In the past, music writers would often assume Nguyen’s breakup songs, for example, were about men. She never corrected them. Some may take that occasion to harbor anger against those who never asked. But Nguyen doesn’t have time for that. Instead, she’s making her declarations and setting sails forward, she says.
“There are endless instances of that,” she says. “Injures that I incurred to my own psyche throughout my career.” She adds, “Not to over-simplify it, but now I feel light. I feel like I’m fully alive in the world.”
The artist brought these feelings of vibrancy and clarity to the new Temple Deluxe Edition. To make the lush new bonus songs, which are themselves overflowing with thoughtful string arrangements, Nguyen recruited a friend of hers in Seattle. It was a collaboration that started during the pandemic. Nguyen needed strings for a Tiny Desk recording and, for that, she tapped two cello-playing neighbors and arranger Alex Guy. And so when Nguyen needed strings for the deluxe release, she asked Guy, who helped happily.
“It was a chance to highlight the lyrical content of these songs,” Nguyen says. “And the emotions behind them. With full rock band arrangements, which I love, different attentions are paid in different ways. For these songs, I wanted to highlight their emotional bones.”
On the new version of her song “Marauders,” for instance, Nguyen’s voice cracks, you can hear the heft of emotion breaking her down. She was thinking about the recent passing of her grandmother, her hectic tour schedule. Truly, her life has been both an external and internal whirlwind. But, Nguyen says, she’s through much of it, even if the world around her is still sorting itself out, one crisis at a time.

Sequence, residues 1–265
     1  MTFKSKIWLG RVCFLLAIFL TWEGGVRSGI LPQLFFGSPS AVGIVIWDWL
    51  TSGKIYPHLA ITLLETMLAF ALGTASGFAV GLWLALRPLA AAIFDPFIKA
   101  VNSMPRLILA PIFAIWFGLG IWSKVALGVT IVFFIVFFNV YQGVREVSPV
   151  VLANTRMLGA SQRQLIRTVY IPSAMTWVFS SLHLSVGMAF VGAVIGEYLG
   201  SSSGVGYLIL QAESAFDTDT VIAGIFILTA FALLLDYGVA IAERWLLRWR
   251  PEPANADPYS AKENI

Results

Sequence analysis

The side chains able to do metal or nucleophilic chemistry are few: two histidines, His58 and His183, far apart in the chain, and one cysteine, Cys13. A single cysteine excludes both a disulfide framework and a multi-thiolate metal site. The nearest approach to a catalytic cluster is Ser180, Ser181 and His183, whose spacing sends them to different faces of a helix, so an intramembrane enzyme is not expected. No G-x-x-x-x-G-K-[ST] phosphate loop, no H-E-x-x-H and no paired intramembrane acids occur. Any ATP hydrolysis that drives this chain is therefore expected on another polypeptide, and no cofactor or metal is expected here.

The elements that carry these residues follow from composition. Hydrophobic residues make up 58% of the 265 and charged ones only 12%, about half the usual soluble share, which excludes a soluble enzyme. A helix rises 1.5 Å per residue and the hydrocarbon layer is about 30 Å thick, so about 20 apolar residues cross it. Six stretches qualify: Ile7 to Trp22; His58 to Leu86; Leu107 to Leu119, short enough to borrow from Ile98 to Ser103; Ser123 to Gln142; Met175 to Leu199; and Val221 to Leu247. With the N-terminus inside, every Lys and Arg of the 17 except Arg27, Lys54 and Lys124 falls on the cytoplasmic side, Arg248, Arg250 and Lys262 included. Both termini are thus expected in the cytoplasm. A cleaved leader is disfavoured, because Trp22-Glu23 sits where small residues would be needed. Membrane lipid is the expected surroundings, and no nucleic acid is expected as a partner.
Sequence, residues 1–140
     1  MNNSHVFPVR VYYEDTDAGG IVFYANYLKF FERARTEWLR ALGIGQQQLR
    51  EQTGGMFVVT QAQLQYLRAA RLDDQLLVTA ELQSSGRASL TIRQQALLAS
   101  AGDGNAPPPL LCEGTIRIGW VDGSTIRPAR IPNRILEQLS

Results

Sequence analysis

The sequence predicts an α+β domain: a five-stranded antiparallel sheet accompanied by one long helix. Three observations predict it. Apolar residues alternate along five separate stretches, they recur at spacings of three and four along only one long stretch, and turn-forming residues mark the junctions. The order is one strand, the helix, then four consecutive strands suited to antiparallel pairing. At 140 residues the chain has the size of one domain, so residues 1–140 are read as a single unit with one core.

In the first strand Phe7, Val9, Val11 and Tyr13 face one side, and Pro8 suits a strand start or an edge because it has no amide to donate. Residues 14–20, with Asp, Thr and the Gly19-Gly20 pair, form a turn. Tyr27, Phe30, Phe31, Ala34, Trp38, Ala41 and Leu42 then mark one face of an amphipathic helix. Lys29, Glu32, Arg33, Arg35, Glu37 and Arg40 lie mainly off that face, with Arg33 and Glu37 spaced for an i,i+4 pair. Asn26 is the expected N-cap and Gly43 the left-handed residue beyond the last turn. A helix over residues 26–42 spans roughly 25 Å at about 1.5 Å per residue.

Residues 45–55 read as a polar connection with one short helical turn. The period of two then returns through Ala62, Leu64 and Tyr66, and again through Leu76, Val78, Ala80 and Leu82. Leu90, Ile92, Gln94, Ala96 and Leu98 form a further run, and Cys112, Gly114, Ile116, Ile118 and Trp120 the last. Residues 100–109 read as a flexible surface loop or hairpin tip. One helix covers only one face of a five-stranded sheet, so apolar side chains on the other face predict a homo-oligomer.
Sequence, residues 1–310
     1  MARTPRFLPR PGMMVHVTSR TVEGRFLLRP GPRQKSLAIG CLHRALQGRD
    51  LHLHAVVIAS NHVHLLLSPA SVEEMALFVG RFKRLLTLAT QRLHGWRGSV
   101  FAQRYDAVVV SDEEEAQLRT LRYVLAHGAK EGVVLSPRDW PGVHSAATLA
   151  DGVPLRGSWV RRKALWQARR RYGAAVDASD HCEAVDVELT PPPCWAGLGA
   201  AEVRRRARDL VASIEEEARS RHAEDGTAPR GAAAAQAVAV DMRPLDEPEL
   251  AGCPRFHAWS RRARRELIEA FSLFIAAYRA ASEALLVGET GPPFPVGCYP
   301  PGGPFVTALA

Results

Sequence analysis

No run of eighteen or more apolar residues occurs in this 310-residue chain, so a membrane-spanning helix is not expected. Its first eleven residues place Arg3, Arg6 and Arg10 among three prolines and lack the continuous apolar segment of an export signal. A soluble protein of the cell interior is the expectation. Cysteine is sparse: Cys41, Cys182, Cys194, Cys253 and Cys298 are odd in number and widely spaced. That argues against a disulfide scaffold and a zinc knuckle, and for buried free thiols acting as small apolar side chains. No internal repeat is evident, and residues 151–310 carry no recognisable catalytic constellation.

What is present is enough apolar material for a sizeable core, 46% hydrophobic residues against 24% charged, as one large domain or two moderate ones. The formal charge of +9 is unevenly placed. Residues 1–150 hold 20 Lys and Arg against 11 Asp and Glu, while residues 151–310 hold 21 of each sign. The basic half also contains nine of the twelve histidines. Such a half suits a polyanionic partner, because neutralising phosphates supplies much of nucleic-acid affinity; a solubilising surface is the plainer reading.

“It’s strangely freeing,” Nguyen says about her recent months. “This period you’re catching me feels great. Those inner-workings, those machinations, that true grit, and dirt and really ugly stuff that is involved in the examination of one’s self, in the habits we want to break and ways we want to change, that stuff happened earlier. And it totally sucked. It was so painful.“
On the original Temple, Nguyen dove deep. Now she’s back up for air. As such, she can see the sunlight breaking on the waves. It’s the result of the hard work that comes from recognizing errors in judgment, both outward and inward.
“Do I wish I had done it differently?” she wonders aloud. “Definitely. But do I recognize the context in which I was releasing music and trying to build a career in indie rock? The things I encountered throughout my life, growing up as I started to play music, how I was dismissed, and disparagements that I think I incurred in part because of how I look, in addition to being a woman? Yes. So, I had a lot of grappling to do.”
She adds, “I take inspiration from people who have always been proud of who they are and where they come from regardless of what was happening in media and pop culture.”
Lately, Nguyen has been on the road, first in support of acclaimed singer-songwriter Julien Baker, and now with a group of artists, including Emmylou Harris and Steve Earle, to benefit the Women’s Refugee Commission. And as she looks to the future, she says she’s excited to get back into writing, demoing, recording. It’s another chance to sort out her abundant, precise thoughts. And in the end, it’s all because she wants to tell the world something. Nguyen sums up her reason in three words, her ‘creative why’ for being the musician and person she is today.
“The energy transmission,” Nguyen says.